What is Traveller’s Diarrhea?
Traveller’s diarrhea (typically immunized against with the Dukoral vaccination) and cholera are caused by two different types of bacteria. The most common cause of travelers diarrhea is spred to humans People through contaminated food or drinking water.
Cholera infection can be life-threatening if severe and not treated. The vaccine is given as a series of doses to be taken at home.
What is traveller’s diarrhea and cholera vaccine?
The vaccine protects against traveller’s diarrhea and cholera, infections caused by two types of bacteria. The vaccine is approved by Health Canada. The vaccine will give you some protection against these diseases. However, it is also very important to have good personal hygiene and to take food and drink precautions. For more information, please see Food and Water Safety.
Who should get the vaccine?
Persons travelling to or working in Central and South America, the Caribbean, Southeast Asia, Africa, and Eastern or Southern Europe may need to get the vaccine. The travel clinic doctor or nurse will advise if you should receive the vaccine. A booster dose may be required if you continue to travel or work in these areas.
For protection from traveller’s diarrhea:
Adults and children 2 years of age and older are given two doses of oral vaccine (by mouth) to take at home. A booster dose may be required every 3 months.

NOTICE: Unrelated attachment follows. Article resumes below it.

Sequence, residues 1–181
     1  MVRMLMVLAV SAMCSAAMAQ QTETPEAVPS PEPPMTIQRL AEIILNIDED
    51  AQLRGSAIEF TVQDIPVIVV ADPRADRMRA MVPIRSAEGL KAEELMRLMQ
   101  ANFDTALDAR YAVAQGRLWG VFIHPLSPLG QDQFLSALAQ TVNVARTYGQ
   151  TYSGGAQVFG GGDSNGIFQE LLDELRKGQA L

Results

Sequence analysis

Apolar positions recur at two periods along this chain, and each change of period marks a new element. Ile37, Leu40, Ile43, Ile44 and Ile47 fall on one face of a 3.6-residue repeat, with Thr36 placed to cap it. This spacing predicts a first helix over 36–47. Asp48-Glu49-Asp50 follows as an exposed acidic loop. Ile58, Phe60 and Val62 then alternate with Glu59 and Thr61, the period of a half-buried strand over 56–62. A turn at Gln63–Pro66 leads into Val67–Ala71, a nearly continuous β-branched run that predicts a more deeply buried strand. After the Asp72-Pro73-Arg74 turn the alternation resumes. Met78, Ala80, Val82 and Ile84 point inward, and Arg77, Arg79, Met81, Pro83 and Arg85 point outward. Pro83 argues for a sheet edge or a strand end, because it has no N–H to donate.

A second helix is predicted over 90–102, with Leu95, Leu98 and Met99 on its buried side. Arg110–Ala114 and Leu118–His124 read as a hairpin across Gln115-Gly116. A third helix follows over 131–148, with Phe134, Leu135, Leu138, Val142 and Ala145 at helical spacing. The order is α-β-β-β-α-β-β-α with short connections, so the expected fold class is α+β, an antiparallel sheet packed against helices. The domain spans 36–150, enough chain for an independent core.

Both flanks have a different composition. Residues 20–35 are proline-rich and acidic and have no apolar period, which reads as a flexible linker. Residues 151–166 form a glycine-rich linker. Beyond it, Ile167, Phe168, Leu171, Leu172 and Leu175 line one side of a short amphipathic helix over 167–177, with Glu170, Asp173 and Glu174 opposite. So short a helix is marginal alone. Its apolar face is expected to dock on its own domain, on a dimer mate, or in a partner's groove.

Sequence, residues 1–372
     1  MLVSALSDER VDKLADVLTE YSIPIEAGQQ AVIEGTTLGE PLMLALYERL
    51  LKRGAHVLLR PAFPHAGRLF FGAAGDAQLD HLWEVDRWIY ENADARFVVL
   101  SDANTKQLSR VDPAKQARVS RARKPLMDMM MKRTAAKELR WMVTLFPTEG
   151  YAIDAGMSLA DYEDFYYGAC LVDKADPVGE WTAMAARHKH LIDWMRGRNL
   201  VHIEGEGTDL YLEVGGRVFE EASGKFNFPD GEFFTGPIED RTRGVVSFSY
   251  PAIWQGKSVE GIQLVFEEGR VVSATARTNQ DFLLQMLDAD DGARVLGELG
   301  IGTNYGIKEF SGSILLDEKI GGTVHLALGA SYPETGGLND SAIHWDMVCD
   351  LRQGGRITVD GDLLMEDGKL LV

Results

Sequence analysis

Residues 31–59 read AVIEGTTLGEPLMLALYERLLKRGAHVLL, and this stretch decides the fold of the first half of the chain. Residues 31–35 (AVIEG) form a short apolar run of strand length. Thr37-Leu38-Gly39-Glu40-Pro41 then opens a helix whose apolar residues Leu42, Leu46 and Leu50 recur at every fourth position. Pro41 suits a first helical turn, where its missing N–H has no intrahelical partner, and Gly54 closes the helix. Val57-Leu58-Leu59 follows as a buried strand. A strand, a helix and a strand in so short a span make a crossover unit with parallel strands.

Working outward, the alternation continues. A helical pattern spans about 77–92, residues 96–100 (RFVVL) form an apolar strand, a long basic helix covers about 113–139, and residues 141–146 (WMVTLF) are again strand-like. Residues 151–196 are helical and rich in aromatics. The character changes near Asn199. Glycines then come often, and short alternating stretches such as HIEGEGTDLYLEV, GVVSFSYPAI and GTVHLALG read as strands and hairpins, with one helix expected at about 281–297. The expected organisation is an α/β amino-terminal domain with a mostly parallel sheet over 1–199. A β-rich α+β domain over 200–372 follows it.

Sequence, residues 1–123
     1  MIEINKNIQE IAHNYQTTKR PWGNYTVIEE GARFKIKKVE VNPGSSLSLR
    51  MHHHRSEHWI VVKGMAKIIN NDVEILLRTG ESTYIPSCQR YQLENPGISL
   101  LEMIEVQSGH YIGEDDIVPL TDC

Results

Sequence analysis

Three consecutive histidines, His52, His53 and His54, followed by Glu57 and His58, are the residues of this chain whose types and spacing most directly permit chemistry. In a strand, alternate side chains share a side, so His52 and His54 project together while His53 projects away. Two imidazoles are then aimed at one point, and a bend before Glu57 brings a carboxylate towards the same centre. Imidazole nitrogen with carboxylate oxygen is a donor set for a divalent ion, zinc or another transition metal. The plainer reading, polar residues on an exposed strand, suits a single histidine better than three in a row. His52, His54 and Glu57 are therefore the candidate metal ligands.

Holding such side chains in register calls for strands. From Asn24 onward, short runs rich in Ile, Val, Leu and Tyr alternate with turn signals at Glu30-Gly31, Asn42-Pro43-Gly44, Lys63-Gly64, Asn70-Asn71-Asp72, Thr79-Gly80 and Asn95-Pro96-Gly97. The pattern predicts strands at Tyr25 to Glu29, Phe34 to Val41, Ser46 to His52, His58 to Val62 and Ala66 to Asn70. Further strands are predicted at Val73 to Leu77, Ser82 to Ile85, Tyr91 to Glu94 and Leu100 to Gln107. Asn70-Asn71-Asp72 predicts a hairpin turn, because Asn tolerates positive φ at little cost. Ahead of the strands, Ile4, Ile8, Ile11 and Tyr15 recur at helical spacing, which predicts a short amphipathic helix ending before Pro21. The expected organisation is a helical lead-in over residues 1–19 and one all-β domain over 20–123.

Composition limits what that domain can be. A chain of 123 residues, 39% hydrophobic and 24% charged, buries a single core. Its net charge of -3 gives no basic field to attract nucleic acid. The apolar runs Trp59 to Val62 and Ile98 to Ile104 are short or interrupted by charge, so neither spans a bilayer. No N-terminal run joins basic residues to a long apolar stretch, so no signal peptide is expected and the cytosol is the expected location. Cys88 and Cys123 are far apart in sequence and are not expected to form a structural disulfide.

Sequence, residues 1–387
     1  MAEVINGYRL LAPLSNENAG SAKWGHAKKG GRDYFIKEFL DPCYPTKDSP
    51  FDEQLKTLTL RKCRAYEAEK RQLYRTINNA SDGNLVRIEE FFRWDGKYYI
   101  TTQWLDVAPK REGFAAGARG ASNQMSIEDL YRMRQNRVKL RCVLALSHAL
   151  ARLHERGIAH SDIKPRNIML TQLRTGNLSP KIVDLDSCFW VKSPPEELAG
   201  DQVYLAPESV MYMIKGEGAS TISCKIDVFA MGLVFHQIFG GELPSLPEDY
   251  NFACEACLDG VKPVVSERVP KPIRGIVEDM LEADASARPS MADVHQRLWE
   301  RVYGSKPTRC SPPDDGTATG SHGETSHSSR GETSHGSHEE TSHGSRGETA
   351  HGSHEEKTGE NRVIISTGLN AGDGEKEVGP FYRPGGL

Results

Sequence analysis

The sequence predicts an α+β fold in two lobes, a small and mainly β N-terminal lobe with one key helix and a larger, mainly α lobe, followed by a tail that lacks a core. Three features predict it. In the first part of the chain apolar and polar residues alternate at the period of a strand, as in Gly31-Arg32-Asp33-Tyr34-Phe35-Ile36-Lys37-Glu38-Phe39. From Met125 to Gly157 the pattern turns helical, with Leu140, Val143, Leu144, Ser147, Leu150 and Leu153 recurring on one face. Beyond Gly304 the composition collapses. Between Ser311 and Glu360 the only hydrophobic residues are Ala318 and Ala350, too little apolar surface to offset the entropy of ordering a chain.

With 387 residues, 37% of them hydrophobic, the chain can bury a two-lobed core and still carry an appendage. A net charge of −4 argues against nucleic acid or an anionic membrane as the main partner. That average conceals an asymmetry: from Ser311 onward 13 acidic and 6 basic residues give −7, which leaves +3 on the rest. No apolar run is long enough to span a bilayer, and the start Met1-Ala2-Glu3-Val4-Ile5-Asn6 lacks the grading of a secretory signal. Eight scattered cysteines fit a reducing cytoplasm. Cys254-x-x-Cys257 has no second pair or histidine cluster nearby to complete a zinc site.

For protection from cholera:
Adults and children over 6 years of age are given two doses of vaccine to take at home. A booster dose may be required every two years. Children 2 to 6 years of age are given three doses of vaccine to take at home. A booster dose may be required every six months.
The vaccine offers protection about a week after taking the last dose. The travel clinic will provide instructions on how to take the vaccine at home. It is important to follow the instructions.
Possible Reactions after the Vaccine
Reactions are usually mild and temporary. The most common reactions are stomach pain, diarrhea, nausea and vomiting.
It is important to stay in the clinic for 15 minutes after getting any vaccine because there is an extremely rare possibility of a life-threatening allergic reaction called anaphylaxis. This may include hives, difficulty breathing, or swelling of the throat, tongue or lips. If this happens after you leave the clinic, call 911 or the local emergency number. This reaction can be treated, and occurs in less than one in a million people who get the vaccine.
**Report serious or unexpected reactions to your public health nurse or doctor.**
Who should not get the vaccine?
Speak with a travel clinic doctor or nurse if you:
- have a history of a life-threatening reaction to a previous dose of cholera vaccine, or any component of the vaccine including saccharin
- currently have a fever or stomach illness.
Children under 2 years of age should not receive the vaccine.